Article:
Does this ruin the experience by making it too easy? Not really. Passing the missions is no longer the only objective, getting all the subsidiary objectives for a “Gold” trophy adds replay value here. In other words, it accommodates two different styles of play. The missions are so diverse and generally do not lean heavily on exactly the same mechanics over and over again that I think I’ll probably replay all of them at some point. Still, I appreciate being able to move along without being bogged down with a lot of busy work in between story segments. I can always come back later if I want more trophies.
Auto-aim is back, although there are multiple settings where it can be completely disabled. Despite looking very different from GTAIV, the auto-aim functions essentially the same. Aiming for a new target sets you up at center of mass, and fine tuning the controls sets up a headshot. Likely the online version of the game will force you to use free-aim entirely. Other aspects of the HUD are also customizable (always a good move in my book).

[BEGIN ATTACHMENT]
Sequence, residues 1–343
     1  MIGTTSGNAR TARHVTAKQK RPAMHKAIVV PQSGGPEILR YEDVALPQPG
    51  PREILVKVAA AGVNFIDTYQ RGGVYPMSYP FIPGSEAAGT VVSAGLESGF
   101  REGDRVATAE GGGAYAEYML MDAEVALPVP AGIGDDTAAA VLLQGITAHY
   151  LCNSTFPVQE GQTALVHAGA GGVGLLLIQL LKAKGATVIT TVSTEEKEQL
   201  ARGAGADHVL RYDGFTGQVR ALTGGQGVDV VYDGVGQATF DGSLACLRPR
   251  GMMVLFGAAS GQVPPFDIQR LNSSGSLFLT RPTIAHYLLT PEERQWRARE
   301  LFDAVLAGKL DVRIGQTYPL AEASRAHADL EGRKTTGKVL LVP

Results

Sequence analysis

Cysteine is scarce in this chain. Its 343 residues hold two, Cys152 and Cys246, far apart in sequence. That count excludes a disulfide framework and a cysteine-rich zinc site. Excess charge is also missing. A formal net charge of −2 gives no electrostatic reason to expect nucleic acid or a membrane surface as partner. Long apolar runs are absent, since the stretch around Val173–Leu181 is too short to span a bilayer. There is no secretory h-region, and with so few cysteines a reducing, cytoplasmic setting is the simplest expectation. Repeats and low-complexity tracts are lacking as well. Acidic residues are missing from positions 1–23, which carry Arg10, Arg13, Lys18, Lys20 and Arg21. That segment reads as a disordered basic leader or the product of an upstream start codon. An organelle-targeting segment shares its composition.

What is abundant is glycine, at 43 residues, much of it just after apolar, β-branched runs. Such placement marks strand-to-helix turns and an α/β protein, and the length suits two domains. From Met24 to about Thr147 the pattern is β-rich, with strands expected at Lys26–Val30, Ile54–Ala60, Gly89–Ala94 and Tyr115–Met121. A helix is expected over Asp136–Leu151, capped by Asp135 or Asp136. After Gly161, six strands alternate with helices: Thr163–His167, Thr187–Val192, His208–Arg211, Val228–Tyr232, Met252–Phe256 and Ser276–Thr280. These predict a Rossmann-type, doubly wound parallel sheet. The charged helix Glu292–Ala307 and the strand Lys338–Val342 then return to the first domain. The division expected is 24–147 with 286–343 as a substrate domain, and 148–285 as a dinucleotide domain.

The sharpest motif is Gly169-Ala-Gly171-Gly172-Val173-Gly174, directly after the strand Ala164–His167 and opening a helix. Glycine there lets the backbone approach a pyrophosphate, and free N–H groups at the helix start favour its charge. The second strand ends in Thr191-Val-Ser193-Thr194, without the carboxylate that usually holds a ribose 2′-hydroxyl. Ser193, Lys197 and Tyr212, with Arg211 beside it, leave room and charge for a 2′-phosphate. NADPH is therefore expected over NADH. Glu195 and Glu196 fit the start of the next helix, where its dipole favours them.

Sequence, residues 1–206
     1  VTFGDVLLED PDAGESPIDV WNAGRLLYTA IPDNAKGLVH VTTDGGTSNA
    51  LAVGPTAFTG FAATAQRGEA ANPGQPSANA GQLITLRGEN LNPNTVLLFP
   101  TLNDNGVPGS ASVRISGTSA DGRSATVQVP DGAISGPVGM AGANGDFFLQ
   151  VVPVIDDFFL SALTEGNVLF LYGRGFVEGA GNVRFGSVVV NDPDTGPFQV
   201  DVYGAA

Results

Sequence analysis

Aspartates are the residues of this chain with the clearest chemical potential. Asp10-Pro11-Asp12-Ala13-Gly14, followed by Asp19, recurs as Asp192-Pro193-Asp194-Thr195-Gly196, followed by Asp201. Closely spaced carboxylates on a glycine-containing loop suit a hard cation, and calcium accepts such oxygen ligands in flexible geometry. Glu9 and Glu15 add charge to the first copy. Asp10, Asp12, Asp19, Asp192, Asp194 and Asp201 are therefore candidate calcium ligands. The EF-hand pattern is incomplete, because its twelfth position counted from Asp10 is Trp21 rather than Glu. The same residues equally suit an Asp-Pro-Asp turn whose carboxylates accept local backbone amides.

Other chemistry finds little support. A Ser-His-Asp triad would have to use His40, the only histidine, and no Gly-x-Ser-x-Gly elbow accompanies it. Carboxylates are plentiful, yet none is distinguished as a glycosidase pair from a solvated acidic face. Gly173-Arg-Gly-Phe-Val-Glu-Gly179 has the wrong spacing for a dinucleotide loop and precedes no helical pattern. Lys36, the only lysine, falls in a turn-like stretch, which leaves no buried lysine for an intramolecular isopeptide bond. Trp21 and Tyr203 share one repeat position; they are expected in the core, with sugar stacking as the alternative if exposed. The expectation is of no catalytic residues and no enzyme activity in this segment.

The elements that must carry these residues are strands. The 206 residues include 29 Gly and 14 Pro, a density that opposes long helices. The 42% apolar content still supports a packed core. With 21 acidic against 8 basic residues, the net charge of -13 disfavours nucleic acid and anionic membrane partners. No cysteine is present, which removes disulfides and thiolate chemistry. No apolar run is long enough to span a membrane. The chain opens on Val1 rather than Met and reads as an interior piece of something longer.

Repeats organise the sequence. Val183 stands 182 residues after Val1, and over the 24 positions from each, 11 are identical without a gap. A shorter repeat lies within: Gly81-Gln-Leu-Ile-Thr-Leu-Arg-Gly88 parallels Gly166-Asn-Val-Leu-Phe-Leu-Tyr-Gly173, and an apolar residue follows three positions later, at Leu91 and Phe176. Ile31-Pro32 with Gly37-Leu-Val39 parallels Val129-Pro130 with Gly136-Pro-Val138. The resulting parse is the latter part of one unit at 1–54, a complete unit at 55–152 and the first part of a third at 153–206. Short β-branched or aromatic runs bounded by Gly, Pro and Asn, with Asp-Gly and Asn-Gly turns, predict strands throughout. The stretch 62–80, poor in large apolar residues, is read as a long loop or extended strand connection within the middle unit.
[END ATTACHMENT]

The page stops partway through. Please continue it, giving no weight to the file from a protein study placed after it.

Aiming is now a lot more precise as well, and is accomplished with a very tiny white/grey reticle. Functionally it works a lot like Resident Evil, only without the laser pointer assistance. Although higher levels of play are clearly possible now (the sensitivity can also be adjusted), the reticle is way too small and frequently blends into what you’re shooting. In a nutshell, I don’t see how the free-aim mode would ever work well. I mentioned Resident Evil because the laser in that series lets you very easily mark up what you’re shooting without having a cartoony bullseye logo on your target. It looks realistic while aiding the player effectively. I honestly think that’s the gold standard in 3rd person shooters right now. If a laser-sight isn’t an option for at least the pistol or carbine rifle in either DLC or future updates, I would be EXTREMELY disappointed. It seems like an especially natural modification as a number of guns have the option to attach a flashlight already.